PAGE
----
My grandparents worked at a funeral home, but even after that upbringing, and thirty years of doing funerals myself, I still find funeral homes incredibly strange.
Yesterday my family did funeral preparations for mother’s service. The mortician was very nice but I kept looking around the room at the strange paraphernalia of his trade. There was a lock box that mounted on the inside of the casket so family members could file important documents for safe keeping, presumably so the deceased could refer to them later. I wondered if the deceased would get to have a key to the lock box, and whether thieves after bothering to dig six feet through the ground to open the casket, would not think to look in the pockets.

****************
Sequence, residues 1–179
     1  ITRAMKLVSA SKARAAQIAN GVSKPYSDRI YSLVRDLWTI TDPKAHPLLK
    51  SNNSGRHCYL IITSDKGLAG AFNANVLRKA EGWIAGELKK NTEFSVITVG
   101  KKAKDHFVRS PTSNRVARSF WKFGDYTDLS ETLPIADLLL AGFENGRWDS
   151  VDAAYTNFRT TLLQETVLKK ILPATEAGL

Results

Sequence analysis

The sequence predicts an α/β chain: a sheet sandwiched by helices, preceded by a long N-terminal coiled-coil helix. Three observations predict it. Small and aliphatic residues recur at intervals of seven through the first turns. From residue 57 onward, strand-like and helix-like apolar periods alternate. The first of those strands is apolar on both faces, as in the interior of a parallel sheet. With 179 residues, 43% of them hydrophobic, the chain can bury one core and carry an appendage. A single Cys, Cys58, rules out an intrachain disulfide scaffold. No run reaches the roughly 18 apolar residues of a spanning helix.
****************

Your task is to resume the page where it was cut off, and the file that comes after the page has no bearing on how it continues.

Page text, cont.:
I also marvel at the decorations of most funeral homes. They usually look like the stereotype of a brothel in a movie about the wild west. They usually sport garish wallpaper, chairs that do not match, invasive potpourri and paintings that look like they were pulled from a dumpster.
I am glad the family has decided not to do a viewing of mom’s body. Whenever someone leans over the casket, looks into the waxy face of a embalmed body and says, “she looks like she’s asleep,” I always think to myself, “No, she looks like a fricking candle.”
I have to think the artificiallity of our funeral customs plays a role in our cultural fear of death. Perhaps if we saw our own deaths as part of life, the self-described “home of the brave” would not waste all of our resources on defense and wet ourselves every time another nation wants the same weapons we have pointing at them. If throughout life we could remember that our bodies come from and return to the earth, perhaps death might not seem like such a terrifying travesty.